Meanwhile, MTV News reports that Canadian label Nettwork Music Group has offered to pay attorney fees for one defendant family sued by the RIAA.
Friday, January 27, 2006
Now that Oprah has confronted James Frey about the misstatements in his book A Million Little Pieces we will undoubtedly see a parade of articles about the interview she had with him and his publisher Gay Talese. We'll also get a passle of interviews with Smoking Gun editor William Bastone.
We'll also get, for what they are worth, a selection of witnesses to testify to the truth of facts Mr. Frey presents in the book including folks who say they were in the same rehab center. Mr. Frey, you may remember, presented the book as fiction at first. When it didn't sell to a single publisher, he reoffered it as a memoir. I'm certain the experience of having the book publicly unveiled as fiction has been instructive. Now if we could only keep him from writing about the past few months and selling that manuscript....and turning it into a movie....
Thursday, January 26, 2006
George Galloway, Respect MP for Bethnal Green and Bow had his defamation judgment against the Telegraph affirmed in the appellate court. He claims a reversal of the lower court judgment would have forced him to declare bankruptcy. Read more here. However, he did get voted off the television show Big Brother January 25th.
Wednesday, January 25, 2006
The UK's Advertising Standards Authority (ASA) has told the adventuresome Theatre de Cunt that it may not continue to distribute its ads for a new revue after an unhappy recipient lodged a complaint.
Objection to a leaflet for a stage play that was headlined "Theatre De Cunt". The text "Hitler Wrote 20 pops [sic] songs ... Have you heard them?" was superimposed onto a photograph of the smiling mouth of Tony Blair; a Hitler-style moustache was painted onto his upper lip. The warning "PARENTAL ADVISORY EXPLICIT LYRICS" was printed in the top right-hand corner. Text on the rear of the circular stated "Politics, Comedy, Hip hop, happy slaps ... and of course Hitler ... hence ... all the things you love". A photo of Tony Blair, with a Hitler moustache on his upper lip and a swastika on either side of his head, was printed under the text. The complainant objected that the circular was offensive and unsuitable to be seen by children.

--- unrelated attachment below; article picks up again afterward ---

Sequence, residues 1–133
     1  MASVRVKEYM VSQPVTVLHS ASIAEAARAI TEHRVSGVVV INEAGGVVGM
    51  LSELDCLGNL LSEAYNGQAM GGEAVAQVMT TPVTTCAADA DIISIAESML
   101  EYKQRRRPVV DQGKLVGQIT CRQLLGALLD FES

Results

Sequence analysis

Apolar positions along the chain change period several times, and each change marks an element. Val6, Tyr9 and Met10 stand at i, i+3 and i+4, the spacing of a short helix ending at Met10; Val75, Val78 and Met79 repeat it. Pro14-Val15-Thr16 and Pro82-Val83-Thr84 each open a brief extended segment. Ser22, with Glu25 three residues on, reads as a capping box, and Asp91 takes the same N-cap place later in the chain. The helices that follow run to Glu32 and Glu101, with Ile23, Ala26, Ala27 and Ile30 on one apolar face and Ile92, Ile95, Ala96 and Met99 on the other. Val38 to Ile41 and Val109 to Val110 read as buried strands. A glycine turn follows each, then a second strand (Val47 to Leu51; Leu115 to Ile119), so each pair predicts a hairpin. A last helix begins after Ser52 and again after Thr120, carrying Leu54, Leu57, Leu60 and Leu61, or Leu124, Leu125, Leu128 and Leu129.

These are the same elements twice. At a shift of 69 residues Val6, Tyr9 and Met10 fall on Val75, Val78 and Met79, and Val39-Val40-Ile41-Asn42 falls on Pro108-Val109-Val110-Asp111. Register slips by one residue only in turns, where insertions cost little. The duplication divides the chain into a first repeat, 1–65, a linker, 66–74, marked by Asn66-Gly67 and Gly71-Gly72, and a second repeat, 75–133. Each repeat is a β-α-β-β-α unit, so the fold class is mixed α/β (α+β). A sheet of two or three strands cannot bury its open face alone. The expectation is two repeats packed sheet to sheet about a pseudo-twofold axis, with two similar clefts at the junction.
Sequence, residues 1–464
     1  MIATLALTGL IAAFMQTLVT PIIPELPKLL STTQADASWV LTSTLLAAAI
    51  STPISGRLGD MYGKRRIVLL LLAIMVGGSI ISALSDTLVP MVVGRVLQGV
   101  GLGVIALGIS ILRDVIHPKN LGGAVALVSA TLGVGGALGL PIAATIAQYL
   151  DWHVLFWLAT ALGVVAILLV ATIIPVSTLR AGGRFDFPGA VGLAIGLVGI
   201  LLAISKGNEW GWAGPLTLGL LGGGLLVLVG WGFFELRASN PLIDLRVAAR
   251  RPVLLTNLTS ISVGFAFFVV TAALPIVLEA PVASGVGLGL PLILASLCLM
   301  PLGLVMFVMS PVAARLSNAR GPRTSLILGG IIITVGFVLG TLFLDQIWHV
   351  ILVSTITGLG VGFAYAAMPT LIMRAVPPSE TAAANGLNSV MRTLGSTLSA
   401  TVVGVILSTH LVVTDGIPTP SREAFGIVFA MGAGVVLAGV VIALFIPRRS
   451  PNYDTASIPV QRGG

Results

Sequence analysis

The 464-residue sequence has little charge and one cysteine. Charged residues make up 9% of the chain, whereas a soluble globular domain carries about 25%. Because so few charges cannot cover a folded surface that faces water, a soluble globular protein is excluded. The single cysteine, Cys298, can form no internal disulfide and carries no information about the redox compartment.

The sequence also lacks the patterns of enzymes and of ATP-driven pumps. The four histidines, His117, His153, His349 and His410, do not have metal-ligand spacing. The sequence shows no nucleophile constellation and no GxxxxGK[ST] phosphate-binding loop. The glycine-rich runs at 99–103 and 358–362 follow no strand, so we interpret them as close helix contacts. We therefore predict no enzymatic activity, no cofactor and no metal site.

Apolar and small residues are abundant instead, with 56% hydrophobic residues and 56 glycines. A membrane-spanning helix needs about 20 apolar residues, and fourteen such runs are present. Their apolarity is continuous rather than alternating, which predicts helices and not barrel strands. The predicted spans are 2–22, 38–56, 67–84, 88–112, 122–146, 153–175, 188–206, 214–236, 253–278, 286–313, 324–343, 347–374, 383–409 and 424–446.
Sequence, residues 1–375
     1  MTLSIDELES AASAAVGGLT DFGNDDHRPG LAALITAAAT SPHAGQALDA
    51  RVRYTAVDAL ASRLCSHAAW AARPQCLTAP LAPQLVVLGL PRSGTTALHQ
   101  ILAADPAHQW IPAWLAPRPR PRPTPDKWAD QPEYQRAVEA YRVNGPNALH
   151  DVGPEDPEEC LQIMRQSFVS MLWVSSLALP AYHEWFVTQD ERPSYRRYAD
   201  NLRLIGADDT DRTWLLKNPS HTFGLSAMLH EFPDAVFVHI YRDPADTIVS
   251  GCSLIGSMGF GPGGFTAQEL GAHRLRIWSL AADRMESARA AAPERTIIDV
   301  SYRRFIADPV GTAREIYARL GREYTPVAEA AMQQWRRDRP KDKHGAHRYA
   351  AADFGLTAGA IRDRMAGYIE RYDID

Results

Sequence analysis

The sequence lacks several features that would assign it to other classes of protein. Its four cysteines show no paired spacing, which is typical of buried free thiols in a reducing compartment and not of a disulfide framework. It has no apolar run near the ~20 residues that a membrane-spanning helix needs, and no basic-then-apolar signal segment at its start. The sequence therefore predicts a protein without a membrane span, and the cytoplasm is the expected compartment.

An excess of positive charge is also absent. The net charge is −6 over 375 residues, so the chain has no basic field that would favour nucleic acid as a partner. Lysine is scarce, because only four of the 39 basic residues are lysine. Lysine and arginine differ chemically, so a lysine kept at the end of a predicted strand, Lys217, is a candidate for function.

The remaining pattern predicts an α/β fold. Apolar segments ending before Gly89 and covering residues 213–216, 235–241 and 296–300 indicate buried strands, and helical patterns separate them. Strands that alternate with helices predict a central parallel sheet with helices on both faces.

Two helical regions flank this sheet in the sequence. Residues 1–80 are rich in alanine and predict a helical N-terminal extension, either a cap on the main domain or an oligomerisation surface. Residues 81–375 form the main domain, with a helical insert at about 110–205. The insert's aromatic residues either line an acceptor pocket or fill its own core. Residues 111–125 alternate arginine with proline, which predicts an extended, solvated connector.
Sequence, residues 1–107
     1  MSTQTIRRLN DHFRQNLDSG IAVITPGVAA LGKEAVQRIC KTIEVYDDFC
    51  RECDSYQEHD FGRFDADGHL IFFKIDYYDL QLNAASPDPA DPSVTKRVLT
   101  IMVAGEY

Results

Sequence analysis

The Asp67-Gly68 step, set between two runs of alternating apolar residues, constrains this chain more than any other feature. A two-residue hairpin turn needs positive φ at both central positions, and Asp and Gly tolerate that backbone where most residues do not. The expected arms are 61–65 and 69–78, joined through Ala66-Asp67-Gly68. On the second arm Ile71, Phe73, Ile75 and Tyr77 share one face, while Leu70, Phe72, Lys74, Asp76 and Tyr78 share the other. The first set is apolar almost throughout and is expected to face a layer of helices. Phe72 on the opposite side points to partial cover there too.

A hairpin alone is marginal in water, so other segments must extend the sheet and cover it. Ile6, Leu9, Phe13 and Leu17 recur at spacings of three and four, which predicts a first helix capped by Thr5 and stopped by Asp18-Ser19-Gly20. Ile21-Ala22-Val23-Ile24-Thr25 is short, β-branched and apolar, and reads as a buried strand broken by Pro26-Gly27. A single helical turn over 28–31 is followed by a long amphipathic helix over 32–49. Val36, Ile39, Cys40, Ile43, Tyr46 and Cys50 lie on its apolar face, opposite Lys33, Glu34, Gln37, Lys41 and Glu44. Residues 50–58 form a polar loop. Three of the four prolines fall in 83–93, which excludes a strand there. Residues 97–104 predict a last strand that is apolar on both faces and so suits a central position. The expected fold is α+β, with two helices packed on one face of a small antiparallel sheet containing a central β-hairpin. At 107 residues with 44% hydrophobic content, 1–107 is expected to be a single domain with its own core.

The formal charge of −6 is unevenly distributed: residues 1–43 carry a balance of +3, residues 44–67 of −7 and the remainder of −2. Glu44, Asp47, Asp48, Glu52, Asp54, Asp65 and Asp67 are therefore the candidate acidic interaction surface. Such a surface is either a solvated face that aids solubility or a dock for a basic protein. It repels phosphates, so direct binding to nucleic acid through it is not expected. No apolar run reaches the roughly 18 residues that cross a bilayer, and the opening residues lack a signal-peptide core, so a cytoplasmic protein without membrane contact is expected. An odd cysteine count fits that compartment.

Theatre De Cunt (TDC) apologised for any offence the leaflet had caused. They said there was not a widespread distribution of the leaflet and they never intended it to come into contact with children. They said they would be more careful in future.
The White Bear Theatre informed us that they had provided a platform for the theatre company but had no input into the marketing material for the show or its distribution. They were uncomfortable with the design of the leaflet and had asked TDC to provide different artwork for display in the theatre.
We noted the leaflet had been posted through the complainant's letter box. We acknowledged that TDC had not intended to distribute the leaflet that way but nonetheless considered that, because the leaflet contained language and imagery that was likely to cause serious or widespread offence, it was too explicit for general, untargeted distribution and unsuitable to be seen by children. We told TDC not to use the approach again.
The circular breached CAP Code clauses 2.2 (Responsible advertising), 5.1 (Decency) and 47.2 (Children).
Tuesday, January 24, 2006
Jordan S. Hatcher, University of Texas, Austin, has published "Of Otaku and Fansubs: A Critical Look at Anime Online in Light of Current Issues in Copyright Law" in the 2005 volume of Script-Ed. It is also available through SSRN. Here is the abstract.
The advent of digital technology and increased global connectivity has, to put it mildly, caused some ripples for the entertainment industry specifically and copyright law generally. In the aftermath, many are searching for new ways to incorporate the benefits of digital copies and the internet while minimizing the harms. To some, the anime industry and its fans offer examples of how an industry can benefit and even grow from allowing copyright infringement. This article examines the anime industry in-depth with this suggestion in mind and places the industry among current copyright policy debates, such as those suggested by Lawrence Lessig.